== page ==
Imagine that you have two populations that you want to compare with a simple statistical test (e.g. t-test). To interpret the results of such test, scientists often compare the resulting p-value to a given threshold (usually, 0.05) in order to judge the significance of the difference between the two populations.
There are many false beliefs about this number. This post aims at clarifying some aspects of p-values.
To do so, I simulated two populations.
The first one (P1) was normally distributed with mean =0 and standard deviation (SD) =1.
The second one (P2) was also normally distributed with SD=1 but its mean was varied from zero (P1 and P2 are essentially drawn from the same distribution) to one (P1 and P2 are drawn from two very different distributions) by step of 0.1. The distance between the means of P1 and P2 corresponds to the effect size (as the SD=1).
For each different level of effect size between zero and one, I simulated 10000 pairs of P1 and P2s and computed the p-value for each of these 10000 comparisons in order to obtain the distribution of p-values for different levels of effect size.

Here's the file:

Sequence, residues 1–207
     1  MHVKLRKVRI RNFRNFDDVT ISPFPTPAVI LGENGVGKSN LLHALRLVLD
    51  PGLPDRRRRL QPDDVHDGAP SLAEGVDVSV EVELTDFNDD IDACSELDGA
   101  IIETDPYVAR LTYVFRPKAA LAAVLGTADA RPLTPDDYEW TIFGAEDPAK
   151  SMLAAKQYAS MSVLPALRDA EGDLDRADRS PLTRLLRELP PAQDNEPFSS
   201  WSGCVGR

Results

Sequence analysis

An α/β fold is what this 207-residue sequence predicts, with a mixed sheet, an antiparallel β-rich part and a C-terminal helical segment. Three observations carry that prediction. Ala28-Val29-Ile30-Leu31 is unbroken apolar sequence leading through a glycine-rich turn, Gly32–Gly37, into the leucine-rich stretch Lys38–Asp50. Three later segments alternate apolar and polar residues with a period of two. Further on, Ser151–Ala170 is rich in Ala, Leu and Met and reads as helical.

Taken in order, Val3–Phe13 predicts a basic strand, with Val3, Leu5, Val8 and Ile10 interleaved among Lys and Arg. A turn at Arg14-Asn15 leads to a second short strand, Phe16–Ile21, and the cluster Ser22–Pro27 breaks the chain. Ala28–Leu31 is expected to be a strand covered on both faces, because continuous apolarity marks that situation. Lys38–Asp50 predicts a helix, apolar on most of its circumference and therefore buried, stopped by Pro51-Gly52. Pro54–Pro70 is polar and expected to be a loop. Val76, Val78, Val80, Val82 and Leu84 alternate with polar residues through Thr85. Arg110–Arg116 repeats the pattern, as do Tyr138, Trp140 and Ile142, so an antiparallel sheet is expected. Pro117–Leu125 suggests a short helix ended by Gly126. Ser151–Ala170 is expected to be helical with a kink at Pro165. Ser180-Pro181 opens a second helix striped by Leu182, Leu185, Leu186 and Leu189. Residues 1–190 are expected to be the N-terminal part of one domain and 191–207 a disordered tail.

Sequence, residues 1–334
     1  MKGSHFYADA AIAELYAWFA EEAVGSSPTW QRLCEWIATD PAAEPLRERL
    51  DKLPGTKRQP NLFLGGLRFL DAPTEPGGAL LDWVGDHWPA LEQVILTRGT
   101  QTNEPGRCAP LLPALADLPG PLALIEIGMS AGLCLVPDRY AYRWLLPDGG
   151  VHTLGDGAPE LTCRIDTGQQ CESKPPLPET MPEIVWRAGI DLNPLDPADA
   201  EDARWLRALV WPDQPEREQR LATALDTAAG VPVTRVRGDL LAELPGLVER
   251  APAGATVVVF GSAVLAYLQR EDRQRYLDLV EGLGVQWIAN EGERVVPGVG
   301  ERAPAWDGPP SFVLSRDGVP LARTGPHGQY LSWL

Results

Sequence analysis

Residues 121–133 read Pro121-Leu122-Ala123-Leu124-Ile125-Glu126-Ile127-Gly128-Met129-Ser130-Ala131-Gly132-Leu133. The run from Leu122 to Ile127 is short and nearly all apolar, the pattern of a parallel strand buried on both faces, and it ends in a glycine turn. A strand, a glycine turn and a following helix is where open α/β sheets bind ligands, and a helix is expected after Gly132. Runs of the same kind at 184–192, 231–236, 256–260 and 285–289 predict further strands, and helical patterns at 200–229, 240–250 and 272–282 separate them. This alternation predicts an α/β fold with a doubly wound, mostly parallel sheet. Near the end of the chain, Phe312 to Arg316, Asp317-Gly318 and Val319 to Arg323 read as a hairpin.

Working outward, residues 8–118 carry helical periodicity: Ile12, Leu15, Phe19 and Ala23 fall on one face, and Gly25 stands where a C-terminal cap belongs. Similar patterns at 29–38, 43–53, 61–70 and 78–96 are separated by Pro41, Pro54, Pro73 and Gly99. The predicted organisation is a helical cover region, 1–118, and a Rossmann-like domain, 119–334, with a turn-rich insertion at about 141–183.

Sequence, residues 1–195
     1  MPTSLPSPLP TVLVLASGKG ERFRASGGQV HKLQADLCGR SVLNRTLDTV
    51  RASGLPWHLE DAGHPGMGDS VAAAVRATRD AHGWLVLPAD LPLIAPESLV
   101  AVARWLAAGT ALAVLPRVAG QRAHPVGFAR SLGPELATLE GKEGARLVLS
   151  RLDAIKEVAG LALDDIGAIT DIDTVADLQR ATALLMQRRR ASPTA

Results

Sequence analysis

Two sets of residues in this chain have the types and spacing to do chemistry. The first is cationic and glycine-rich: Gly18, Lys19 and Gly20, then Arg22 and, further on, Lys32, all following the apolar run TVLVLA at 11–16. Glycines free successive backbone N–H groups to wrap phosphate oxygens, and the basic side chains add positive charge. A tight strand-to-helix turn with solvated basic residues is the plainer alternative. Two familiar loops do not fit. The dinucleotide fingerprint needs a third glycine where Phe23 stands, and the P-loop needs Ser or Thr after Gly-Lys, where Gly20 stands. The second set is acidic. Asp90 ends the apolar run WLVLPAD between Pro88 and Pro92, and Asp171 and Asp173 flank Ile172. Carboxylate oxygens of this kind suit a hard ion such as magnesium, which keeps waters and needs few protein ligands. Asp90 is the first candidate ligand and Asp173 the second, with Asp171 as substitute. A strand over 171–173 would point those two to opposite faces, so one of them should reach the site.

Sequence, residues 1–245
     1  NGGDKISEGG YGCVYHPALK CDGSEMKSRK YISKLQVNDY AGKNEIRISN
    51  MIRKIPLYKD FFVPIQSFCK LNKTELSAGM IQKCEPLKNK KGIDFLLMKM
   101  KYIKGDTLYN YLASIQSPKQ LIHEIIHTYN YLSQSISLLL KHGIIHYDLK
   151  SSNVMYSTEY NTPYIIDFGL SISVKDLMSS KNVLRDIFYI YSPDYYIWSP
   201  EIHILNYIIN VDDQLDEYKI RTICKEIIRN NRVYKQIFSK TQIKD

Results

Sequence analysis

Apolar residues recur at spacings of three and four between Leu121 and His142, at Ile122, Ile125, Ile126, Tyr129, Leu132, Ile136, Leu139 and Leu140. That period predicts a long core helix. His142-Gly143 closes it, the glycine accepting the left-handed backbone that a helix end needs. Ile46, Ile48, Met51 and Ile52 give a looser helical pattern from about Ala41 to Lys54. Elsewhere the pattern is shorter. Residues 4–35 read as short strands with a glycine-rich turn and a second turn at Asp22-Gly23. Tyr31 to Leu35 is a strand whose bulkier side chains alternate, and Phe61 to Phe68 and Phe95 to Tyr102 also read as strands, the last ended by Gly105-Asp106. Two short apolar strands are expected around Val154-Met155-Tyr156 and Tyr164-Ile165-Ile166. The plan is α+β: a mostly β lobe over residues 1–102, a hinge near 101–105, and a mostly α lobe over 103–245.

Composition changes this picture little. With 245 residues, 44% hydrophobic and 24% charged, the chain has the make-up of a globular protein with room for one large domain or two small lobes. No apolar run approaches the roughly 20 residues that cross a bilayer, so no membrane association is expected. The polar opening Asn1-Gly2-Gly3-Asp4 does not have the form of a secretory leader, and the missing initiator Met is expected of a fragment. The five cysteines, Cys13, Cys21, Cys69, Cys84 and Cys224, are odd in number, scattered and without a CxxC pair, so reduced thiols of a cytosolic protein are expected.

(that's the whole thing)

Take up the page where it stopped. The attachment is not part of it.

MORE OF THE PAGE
The top left graph shows the distribution of p-values when there is actually no difference between the two populations. Only 5% of the simulations had a p-value smaller than 0.05 by definition. It also shows that trending towards significance is not very meaningful in this case as the probability that p is between 0.05 and 0.10 is similar to the probability that the p-value is in any other interval.
When the actual difference between two populations becomes larger and larger, the distribution of p-values become more and more skewed and the percentage of p-values smaller than 0.05 is larger and larger.
For such sample size (each population has 10 samples), the proportion of p-values smaller than 0.05 for an effect size of 1 (which would be considered as large or very large) is only around 65%.
An effect size around 0.3 is pretty typical in science...
The following graph highlights the importance of the number of samples per population. Here, the number of samples for P1 and P2 was increased from 10 to 25. Now, for the largest effect size tested, the probability that p<0.05 is almost 95%
Take home message
%% distribution of p-values for different effect size
ES = [0:0.1:1];